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Designer Profile: Kate Farley

Kate Farley paper cuts
10 Aug 2016
3 min read

Designer and print-maker Kate Farley shares some of her experiences as a maker and the thinking behind her Barbican commission. 

After a two-year National Diploma in Surface Pattern in Norfolk I chose to study Printed Textile Design on the degree course at Leeds College of Art and Design back in the mid-nineties. After my degree I went to Camberwell College of Arts to study an MA in Book Art, I’ve felt somehow caught between fine art and design with my practice. Book Art for me is an exciting world of narrative, book structures, visual communication and printmaking, and without it I wouldn’t be doing what I do now.

I’ve always combined my design career with a parallel career as an academic as I really enjoy the process of learning and teaching too. I taught at Central Saint Martins for several years, and I’m currently Course Director of the degree in Textile Design at Birmingham City University so I’m always busy!

I’m always working across several sketchbooks at once, keeping my eyes open for ideas. Landscape and mapping are recurring themes and feed my design work. When I start on a new commission I throw myself in to drawing, cutting, collaging or printing to find the right language. I don’t wait for something to come to me, I’m busy working and soon I get an idea of where I’m going with it. Once I know where the image-making is going I’ll often scan original artwork in to the computer and work either in Photoshop or Illustrator to test rhythms and compositions, depending on repeat pattern requirements or placement images. Then it’s back to the drawing desk to resolve final shapes and proportions before finalising everything as digital files.

I think I have quite a varied style across my projects but others think my work is distinctive, often in its simplicity and geometric structure. The Barbican commission has let me explore this idea further, blending architectural detail with the language of music to tell a story, relating to the activities of the centre.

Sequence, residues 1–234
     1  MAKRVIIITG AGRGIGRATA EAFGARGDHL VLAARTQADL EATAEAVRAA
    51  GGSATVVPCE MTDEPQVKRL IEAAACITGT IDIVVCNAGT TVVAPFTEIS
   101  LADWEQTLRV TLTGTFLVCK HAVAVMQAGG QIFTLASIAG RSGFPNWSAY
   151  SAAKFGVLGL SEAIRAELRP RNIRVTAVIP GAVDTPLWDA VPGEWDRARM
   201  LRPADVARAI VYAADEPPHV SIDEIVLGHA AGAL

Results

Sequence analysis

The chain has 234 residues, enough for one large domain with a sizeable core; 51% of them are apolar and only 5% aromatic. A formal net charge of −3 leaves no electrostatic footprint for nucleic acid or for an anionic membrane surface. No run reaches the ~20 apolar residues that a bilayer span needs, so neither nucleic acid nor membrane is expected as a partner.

I love paper and textiles – they both have different needs when it comes to printing patterns. I enjoy the pattern design process whether it’s with a pencil or paper and scissors. I love the hands-on process of printing too, so I create limited editions of prints as part of my creative journey, as well as hand screen printed notebooks and cushions. 

Today’s designers have to be constantly learning in order to keep up, but it’s also important for me that I remember my traditional skills. I still plan repeats by hand, on sheets of paper, and I still create original artwork by hand. More often than not though, even if I’m going to hand screen print something, the artwork will be handled digitally to get to that point. In today’s design world with digital print production we can print on almost anything as well as textiles but it’s important to me that I work closely with those printing for me as I have high standards and the materials I place my patterns on require consideration. Digital production allows bespoke production, and that’s exciting!

Of course the balconies of the towers are dominating, but I also liked the rhythms of strong shapes such as windows, the lakeside terrace and details such as the lights. I was drawn to the repetitive rhythms that can be equated with musical beats. I explored various pattern compositions, but once I’d made the link between the journey across the Barbican estate, with that of a sheet of music it felt more resolved and appropriate. The shapes of the instruments explore scale and detail in the same way the buildings do. The strings become walk-ways, the oboe keys are jetties on the water.

I would advise people to work away from the computer and develop a confidence in image making firstly. It’s easy to rush to make a repeat pattern in Photoshop, but it’s like cooking, if you haven’t got beautiful ingredients it won’t be as good as it could be. Patterns take a long time to get right if you want decent patterns.

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